Lei Xing Lab In the Department of Radiation Oncology

Current Members

Principal Investigator

Lei Xing, Ph.D., Jacob Haimson Professor, DABR
Director of Physics Division
Diplomate, American Board of Radiology

Department of Radiation Oncology
Stanford University School of Medicine
875 Blake Wilbur Drive, Room G233
Stanford, CA 94305-5847
Phone: 650-498-7896
Fax: 650-498-4015

Professor of Electrical Engineering  (courtesy)
David Packard Building
350 Serra Mall
Stanford, CA  94305

Professor of Biomedical Informatics Program (courtesy)
Medical School Office Building (MSOB), room X- 215, 1265 Welch Road
Mail Code: 94305-5479

Core faculty of Molecular Imaging Program at Stanford (MIPS)
Stanford Bio-X Program

Stanford Cancer Institute

Prof. Xing obtained his Ph.D. in physics at John Hopkins University.  He joined Stanford as a faculty member in 1997. Prof. Xing has published more than 160 refereed papers. Prof. Xing has broad research interests, including medical imaging, molecular imaging, image segmentation and registration, radiation therapy treatment planning, real-time image guidance and decision-making strategies in radiation therapy, internet medicine.  More »

Postdoctoral Fellows

Moiz Ahmad, Ph.D., Postdoctoral Fellow
Phone: (650) 724-8288
Email »

I am designing instrumentation for high sensitivity x-ray fluorescence imaging. This imaging method acquires an x-ray signal that is specific to a nano-particle. These nano-particles are conjugated with ligands specifically targeting disease, This molecular imaging method can image the molecular markers of disease deep in tissue without using expensive radiopharmaceuticals.

Dengwang Li, Ph.D., Postdoctoral Fellow
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Michael Sano, Ph.D., Postdoctoral Fellow
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Olga Volotskova, Ph.D., Postdoctoral Fellow
Email »

My research is focused on utilization of Cerenkov radiation for clinical use: tumor and lymph node imaging and dosimetry. Cerenkov radiation is produced when charged particles travel through a medium faster than the speed of light in that medium. The bottleneck problem encountered in harnessing this phenomena is that the Cerenkov signal contains mainly photons in blue and ultraviolet regions, which can only penetrate a few millimeters of tissue. Cerenkov Radiation Energy Transfer (CRET) from V/UV into R/IR wavelengths can be optically detected with novel nanoprobes (q-dots and gold nano-clusters) allowing to achieve substantially improved signal detection.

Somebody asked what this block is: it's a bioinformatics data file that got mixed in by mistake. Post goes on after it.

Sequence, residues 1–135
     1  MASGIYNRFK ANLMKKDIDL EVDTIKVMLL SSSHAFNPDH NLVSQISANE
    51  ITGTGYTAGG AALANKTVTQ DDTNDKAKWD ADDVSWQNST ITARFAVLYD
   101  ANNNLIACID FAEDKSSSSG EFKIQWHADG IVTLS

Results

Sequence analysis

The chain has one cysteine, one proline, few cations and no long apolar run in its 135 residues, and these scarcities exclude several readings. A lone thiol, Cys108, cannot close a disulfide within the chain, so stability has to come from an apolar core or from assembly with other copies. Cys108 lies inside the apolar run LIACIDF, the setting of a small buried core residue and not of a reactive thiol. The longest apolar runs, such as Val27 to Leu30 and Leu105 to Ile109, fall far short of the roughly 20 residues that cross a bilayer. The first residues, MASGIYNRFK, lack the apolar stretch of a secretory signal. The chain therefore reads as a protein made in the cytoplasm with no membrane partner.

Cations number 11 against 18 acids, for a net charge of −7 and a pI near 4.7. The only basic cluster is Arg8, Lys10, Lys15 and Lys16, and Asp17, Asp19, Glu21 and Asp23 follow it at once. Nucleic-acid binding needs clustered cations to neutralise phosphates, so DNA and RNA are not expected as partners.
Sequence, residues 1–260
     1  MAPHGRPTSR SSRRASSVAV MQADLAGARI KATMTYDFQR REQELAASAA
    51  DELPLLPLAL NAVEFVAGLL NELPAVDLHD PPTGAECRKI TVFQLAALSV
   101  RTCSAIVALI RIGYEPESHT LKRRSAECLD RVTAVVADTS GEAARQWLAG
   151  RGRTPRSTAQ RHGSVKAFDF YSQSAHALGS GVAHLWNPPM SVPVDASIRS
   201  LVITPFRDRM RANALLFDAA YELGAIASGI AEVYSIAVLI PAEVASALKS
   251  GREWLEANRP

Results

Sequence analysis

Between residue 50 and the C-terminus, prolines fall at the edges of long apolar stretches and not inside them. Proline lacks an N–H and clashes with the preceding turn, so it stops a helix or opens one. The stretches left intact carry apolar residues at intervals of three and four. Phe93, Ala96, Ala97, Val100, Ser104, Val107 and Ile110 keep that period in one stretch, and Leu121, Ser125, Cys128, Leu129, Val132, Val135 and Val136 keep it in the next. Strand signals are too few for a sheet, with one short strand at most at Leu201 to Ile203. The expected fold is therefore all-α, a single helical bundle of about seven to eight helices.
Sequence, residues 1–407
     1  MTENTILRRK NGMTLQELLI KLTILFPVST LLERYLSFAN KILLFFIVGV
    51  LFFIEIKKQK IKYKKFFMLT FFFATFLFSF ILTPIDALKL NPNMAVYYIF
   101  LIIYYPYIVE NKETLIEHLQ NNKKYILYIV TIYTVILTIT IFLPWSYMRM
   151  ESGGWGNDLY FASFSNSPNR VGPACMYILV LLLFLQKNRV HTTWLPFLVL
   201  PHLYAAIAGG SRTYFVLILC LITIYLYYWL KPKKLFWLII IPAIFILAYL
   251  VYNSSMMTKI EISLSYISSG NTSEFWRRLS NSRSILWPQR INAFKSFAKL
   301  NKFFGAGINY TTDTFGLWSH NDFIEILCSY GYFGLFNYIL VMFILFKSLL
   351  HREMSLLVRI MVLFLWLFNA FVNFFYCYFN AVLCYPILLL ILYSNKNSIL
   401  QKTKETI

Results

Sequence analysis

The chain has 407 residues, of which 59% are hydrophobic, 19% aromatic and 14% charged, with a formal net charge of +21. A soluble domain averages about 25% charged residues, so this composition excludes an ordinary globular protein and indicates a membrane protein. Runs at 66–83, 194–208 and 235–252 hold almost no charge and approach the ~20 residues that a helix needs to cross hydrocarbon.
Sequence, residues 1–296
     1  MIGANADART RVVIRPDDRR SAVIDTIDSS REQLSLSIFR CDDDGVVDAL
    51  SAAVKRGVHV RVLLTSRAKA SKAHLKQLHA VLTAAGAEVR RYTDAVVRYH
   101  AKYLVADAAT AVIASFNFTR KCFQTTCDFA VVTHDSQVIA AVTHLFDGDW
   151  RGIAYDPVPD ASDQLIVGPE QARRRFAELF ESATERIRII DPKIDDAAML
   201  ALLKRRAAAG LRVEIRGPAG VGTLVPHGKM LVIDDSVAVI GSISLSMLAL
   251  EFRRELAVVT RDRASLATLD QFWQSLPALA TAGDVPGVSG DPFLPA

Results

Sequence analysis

Raiyan Zaman, Ph.D., Postdoctoral Fellow
Email »

My research interests are focused on developing affordable biomedical optical imaging systems. Therefore, my long term objectives aim to develop optical technologies for early diagnosis using molecular markers and treatment of atherosclerotic plaque. My research emphasizes three main areas: (1) imaging mechanisms, (2) technology development, and (3) translational research. This is a collaborative effort between the Division of Radiation Physics and Cardiovascular Medicine to develop minimally invasive optical imaging technologies. My current research project focuses on the improvement of the characterization of atherosclerotic plaques within the coronary arteries, using a dual-modality intravascular molecular optical imaging system to detect glucose uptake.

Masoud Zarepisheh, Ph.D., Postdoctoral Fellow
Email »

My current research is the development of mathematical models and optimization techniques to optimize the LINAC configuration parameters (such as beam energy, aperture shape and weight, gantry/collimator angle, couch position, and isocenter) for radiotherapy treatment planning.


Ruud Vinke, Ph.D., Postdoctoral Fellow
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Don Vernekohl, Ph.D., Postdoctoral Fellow
Email »

Don is working on the next generation of dosimetry detectors build from diamondoid and nano-diamonds. He studied at the University of Münster and CERN where he worked on detector development and instrumentation. Beyond diamond detectors, he is interested in preclinical PET detectors based on semi-conductor and gas detectors as well as applications in high energy physics and radiation therapy.




Siavash Yousefi, Ph.D., Postdoctoral Fellow
Email »







Cesare Jenkins, Ph.D. Candidate
Department of Mechanical Engineering
Email »

Cesare is working on a project to develop tools to track radiation therapy in real time. The project aims to improve patient safety while providing additional treatment delivery validation information to clinicians. Additionally, he collaborates with others in the lab on the development of x-ray florescence computed tomography (XFCT), a novel molecular imaging modality

Henry Wang, Ph.D. Candidate
Department of Electrical Engineering
Email »

Henry Wang is currently a Ph.D. candidate in Electrical Engineering at Stanford University, working under the guidance of Professor Xing. His current research involves knowledge based treatment planning and optimization. He is developing a fully automated treatment planning platform. His past research includes applying cloud computing to monte carlo in radiotherapy. Working with new ideas and producing useful yet simple implementations are truly meaningful for him. He hopes to utilize his engineering background and one day make a groundbreaking contribution to medical physics.

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